Ginger or chocolate tiny anemone (Isozoanthus sulcatus)

Distribution data supplied by the Ocean Biodiversity Information System (OBIS). To interrogate UK data visit the NBN Atlas.Map Help



Isozoanthus sulcatus is a colonial anemone with tiny polyps arising from a thin connective encrusting tissue (coenenchyme) that forms an irregular basal band or network. This species is olive-chocolate brown in colour with pale tentacle tips. The colouration is due to the presence of endodermal zooxanthellae (symbiotic algae). The polyps are up to 1 cm high, 0.2-0.3 cm in diameter, and can number up to 17 per cm² (Williams, 2000). Each polyp has between 16-30 short blunt tentacles (usually 19-22) arranged in two cycles. The primary (inner) tentacles are 15-25% longer than the secondary (outer) tentacles and are ca. 0.1 cm long, giving an overall tentacle span of 0.5 cm. Tentacles in both cycles are usually equal in number. The polyp is circular in cross-section with a brown saucer-shaped disc that may have white radial stripes. On contraction the polyp has a grey to purplish sheen especially towards the distal end. Tiny sand grains are completely enclosed within the ectoderm which can give a silvery appearance to the tentacles, marginal teeth and oral disc. Sand grains, debris, unicellular or filamentous algae also encrust the coenenchyme and lower polyp walls. The siphonoglyph is shallow and sharply defined.

Recorded distribution in Britain and Ireland

Isozoanthus sulcatus has been recorded mainly on the western coasts of Britain and Ireland. Due to its cryptic nature this species maybe under recorded.

Global distribution



Isozoanthus sulcatus can be found on exposed vertical open and silty rocks, stones and shells in the intertidal and shallow sublittoral down to 42 m depth and in rock pools.

Depth range


Identifying features

  • Tiny polyps arising in small clusters from coenenchyme.
  • Fine sand and debris encrusting coenenchyme and lower polyp walls.
  • Polyps up to 1 cm high, 0.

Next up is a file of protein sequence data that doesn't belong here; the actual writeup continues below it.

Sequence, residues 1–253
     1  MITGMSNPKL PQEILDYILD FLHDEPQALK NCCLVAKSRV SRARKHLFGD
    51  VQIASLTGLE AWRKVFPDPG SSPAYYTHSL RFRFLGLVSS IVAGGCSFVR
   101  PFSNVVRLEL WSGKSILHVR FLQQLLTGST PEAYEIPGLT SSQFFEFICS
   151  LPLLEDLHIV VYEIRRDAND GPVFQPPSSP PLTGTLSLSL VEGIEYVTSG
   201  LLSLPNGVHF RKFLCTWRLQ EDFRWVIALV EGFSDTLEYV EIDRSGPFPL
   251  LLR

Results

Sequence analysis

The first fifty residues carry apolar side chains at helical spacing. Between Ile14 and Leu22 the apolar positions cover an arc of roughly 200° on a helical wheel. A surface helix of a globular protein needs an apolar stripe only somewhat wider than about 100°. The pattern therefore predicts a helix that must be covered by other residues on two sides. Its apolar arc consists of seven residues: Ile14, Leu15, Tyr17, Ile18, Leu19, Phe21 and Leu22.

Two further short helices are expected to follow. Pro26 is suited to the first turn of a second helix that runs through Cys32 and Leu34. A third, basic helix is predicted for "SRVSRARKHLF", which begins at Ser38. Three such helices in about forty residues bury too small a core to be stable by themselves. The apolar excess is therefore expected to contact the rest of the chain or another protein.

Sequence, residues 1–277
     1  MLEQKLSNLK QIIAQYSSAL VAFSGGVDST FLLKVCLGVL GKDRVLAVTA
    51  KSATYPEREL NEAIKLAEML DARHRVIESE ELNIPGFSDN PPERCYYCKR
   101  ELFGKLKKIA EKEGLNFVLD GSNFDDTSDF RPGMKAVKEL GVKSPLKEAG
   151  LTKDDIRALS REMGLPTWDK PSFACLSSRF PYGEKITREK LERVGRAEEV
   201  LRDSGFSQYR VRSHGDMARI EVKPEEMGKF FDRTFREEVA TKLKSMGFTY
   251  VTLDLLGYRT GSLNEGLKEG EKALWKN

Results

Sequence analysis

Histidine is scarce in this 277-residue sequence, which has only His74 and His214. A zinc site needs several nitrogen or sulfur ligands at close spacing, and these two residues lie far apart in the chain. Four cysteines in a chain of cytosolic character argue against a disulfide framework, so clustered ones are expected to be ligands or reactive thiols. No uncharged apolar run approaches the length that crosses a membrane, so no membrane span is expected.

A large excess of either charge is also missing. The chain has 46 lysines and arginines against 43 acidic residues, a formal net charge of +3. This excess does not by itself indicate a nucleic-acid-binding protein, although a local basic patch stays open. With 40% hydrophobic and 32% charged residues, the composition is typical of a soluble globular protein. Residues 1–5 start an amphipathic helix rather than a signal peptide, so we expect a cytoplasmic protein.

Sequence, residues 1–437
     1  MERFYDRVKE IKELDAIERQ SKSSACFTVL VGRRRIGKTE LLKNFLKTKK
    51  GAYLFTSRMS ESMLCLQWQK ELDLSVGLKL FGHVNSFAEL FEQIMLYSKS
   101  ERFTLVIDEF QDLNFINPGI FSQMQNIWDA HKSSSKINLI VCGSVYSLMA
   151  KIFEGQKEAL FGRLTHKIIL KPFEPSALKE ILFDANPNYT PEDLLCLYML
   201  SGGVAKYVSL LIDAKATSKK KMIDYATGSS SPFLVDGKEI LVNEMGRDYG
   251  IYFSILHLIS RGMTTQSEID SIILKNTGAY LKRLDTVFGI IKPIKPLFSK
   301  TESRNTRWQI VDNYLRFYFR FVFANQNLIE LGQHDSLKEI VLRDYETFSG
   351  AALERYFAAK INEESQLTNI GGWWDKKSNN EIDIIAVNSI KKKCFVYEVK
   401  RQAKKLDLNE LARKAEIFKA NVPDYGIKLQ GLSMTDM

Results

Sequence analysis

• 3 cm diameter.
  • 16-30 short blunt tentacles arranged in 2 cycles.
  • Primary tentacles associated with corresponding marginal tooth.
  • Polyps olive-chocolate brown in colour.
  • Brown saucer-shaped disc.

Additional information

Isozoanthus sulcatus is also more commonly known as 'ginger tinies', 'chocolate' or 'peppercorn' anemone. This species is the only known European zoanthid to possess endodermal zooxanthellae, which under a microscope appear as spherical brown cells. When in adverse conditions, such as excessive temperature increase (Williams, 2000), these zooxanthellae may be expelled. Isozoanthus sulcatus is a very sensitive species retracting its tentacles at the slightest disturbance, this coupled with its sublittoral presence and cryptic nature means that it is probably overlooked, therefore under recorded. This species remains contracted in the dark and opens usually within 5 minutes of exposure to light, which is probably an adaptive behaviour related to the possession of zooxanthellae (Williams, 2000).

The number of marginal tentacles in this species is equal to and opposite each of the primary (inner) tentacles (Williams, 2000), which updates the description given by Manuel (1981). The secondary (outer) tentacles can actually slope downwards alongside the column due to the lack of adjacent marginal teeth. This species is gonochoristic, and asexual reproduction occurs via budding arising from the existing polyp walls or the basal coenenchyme

Listed by

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  1. Gibson, R., Hextall, B. & Rogers, A., 2001. Photographic guide to the sea and seashore life of Britain and north-west Europe. Oxford: Oxford University Press.

  2. Hayward, P., Nelson-Smith, T. & Shields, C. 1996. Collins pocket guide. Sea shore of Britain and northern Europe. London: HarperCollins.

  3. Hayward, P.J. & Ryland, J.S. (ed.) 1995b. Handbook of the marine fauna of North-West Europe. Oxford: Oxford University Press.

  4. Howson, C.M. & Picton, B.E., 1997. The species directory of the marine fauna and flora of the British Isles and surrounding seas. Belfast: Ulster Museum. [Ulster Museum publication, no. 276.]

  5. Manuel, R.L., 1981. British Anthozoa. London: Academic Press.[Synopses of the British Fauna, no. 18.]

  6. Williams, R.B., 2000. A redescription of the zoanthid Isozoanthus sulcatus (Gosse, 1859), with notes on its nomenclature, systematics, behaviour, habitat and geographical distribution. Ophelia, 52, 193-206.

  7. Wood, E. (ed.), 1988. Sea Life of Britain and Ireland. Marine Conservation Society. IMMEL Publishing, London

  8. Wood. C., 2005. Seasearch guide to sea anemones and corals of Britain and Ireland. Ross-on-Wye: Marine Conservation Society.


  1. Isle of Wight Local Records Centre, 2017. IOW Natural History & Archaeological Society Marine Invertebrate Records 1853- 2011. Occurrence dataset: accessed via on 2018-09-27.

  2. Manx Biological Recording Partnership, 2018. Isle of Man historical wildlife records 1990 to 1994. Occurrence dataset: accessed via on 2018-10-01.

  3. NBN (National Biodiversity Network) Atlas. Available from:

  4. OBIS (Ocean Biodiversity Information System),  2024. Global map of species distribution using gridded data. Available from: Ocean Biogeographic Information System. Accessed: 2024-04-12


This review can be cited as:

Rowley, S.J. 2007. Isozoanthus sulcatus Ginger or chocolate tiny anemone. In Tyler-Walters H. and Hiscock K. Marine Life Information Network: Biology and Sensitivity Key Information Reviews, [on-line]. Plymouth: Marine Biological Association of the United Kingdom. [cited 12-04-2024]. Available from:

Last Updated: 26/06/2007